Following the pioneering work of the Hungarian George de Hevesy, Nobel Laureate (1943) for working out a radioactive tracing system, medical imaging has been much aided by the use of medical isotopes to determine the function of internal organs. Hevesy determined the phosphor metabolism by radioactive nuclides.
Compounds can be labeled with radioactive isotopes (such as technetium-99m and thallium-201) or radio-opaques (such as barium and iodine compounds).
Radio-labelled compounds can be tracked by gamma-detecting cameras to provide useful images of organs to which they are transported. In 1935, Hevesy worked on tracing the synthesis of biological molecules using radioactive isotopes, such as 32P.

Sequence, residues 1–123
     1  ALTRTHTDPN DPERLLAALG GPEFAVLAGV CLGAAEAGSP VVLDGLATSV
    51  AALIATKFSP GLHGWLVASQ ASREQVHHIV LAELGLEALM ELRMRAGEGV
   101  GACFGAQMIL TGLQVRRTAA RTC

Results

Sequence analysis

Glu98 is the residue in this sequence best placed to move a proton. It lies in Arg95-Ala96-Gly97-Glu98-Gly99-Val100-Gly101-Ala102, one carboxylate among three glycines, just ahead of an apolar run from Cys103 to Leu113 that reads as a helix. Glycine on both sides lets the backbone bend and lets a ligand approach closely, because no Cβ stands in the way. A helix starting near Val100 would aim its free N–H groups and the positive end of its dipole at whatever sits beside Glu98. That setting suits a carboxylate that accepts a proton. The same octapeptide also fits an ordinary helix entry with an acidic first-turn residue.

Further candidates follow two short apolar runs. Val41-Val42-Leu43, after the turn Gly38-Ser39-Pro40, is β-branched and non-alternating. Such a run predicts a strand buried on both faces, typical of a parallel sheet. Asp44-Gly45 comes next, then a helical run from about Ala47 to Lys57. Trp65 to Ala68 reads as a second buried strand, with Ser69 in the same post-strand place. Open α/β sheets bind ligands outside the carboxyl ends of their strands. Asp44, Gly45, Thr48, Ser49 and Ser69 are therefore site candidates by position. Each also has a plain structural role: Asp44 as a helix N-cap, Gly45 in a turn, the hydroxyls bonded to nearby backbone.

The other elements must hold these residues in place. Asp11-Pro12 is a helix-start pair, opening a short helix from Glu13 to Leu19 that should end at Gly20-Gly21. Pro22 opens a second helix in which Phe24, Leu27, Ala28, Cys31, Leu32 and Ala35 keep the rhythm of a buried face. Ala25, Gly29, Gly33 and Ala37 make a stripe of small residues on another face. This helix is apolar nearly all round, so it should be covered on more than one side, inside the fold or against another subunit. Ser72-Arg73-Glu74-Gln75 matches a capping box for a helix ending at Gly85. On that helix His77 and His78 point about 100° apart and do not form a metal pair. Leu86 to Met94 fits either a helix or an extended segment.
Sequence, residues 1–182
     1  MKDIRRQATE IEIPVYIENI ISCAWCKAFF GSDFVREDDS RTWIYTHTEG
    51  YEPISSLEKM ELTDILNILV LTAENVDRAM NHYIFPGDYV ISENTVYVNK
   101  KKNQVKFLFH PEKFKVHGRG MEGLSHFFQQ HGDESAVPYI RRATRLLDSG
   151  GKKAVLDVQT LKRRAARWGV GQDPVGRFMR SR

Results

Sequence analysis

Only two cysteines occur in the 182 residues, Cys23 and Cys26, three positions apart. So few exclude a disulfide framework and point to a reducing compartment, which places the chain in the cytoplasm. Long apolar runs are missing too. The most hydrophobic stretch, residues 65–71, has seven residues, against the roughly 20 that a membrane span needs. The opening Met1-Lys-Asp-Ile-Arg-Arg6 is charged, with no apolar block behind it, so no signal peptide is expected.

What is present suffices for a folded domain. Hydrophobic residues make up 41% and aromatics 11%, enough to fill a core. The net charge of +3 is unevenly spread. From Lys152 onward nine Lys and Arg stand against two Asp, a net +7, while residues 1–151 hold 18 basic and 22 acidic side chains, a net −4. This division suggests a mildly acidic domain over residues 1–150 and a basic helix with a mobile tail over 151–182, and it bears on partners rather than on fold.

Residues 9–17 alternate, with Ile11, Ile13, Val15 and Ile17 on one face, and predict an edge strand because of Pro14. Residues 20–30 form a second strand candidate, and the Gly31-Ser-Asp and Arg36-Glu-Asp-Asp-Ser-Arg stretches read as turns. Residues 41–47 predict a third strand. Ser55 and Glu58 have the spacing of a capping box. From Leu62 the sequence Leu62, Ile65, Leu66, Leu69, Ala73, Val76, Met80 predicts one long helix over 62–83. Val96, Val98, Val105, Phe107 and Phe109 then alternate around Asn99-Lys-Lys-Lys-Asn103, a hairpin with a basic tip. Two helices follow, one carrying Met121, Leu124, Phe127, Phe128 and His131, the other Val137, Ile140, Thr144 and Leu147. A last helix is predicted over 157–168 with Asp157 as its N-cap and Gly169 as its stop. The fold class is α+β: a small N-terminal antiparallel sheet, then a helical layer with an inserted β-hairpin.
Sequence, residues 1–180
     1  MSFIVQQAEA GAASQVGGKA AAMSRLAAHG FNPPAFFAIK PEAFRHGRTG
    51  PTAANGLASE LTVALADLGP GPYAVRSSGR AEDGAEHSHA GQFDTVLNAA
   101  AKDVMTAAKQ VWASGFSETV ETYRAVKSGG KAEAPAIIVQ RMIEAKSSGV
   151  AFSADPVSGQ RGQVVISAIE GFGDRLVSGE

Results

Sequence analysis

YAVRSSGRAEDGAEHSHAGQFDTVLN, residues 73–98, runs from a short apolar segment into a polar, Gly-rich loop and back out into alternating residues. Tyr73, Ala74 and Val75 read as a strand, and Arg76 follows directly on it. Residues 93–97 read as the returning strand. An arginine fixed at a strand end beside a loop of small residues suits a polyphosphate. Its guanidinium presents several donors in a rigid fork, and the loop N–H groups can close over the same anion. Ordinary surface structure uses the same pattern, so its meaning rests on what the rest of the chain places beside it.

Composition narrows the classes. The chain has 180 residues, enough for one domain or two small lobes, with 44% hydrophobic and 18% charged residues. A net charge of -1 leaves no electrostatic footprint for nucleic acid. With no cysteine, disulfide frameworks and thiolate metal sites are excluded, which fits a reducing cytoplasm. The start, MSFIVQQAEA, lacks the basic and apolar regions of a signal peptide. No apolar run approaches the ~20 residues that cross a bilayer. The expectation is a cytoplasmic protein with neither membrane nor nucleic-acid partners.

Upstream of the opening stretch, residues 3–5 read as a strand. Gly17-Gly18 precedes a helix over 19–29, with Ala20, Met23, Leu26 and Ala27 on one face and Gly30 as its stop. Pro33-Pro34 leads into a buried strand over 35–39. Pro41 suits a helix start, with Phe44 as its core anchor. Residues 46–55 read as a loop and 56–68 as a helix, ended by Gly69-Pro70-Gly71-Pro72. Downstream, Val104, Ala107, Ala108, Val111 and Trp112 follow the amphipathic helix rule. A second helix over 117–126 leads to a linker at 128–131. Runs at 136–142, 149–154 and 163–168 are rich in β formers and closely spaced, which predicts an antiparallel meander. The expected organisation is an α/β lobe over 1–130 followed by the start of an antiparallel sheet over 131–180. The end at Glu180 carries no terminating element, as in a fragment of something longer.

The MRI images display cross-sectional images of the examined body part, and the smallest deformations are easy to detect.
In 1977, magnetic resonance was successfully used to study human organs. Magnetic isotope diagnostics provides invaluable help in diagnosing a high number of organic deformations and severe illnesses.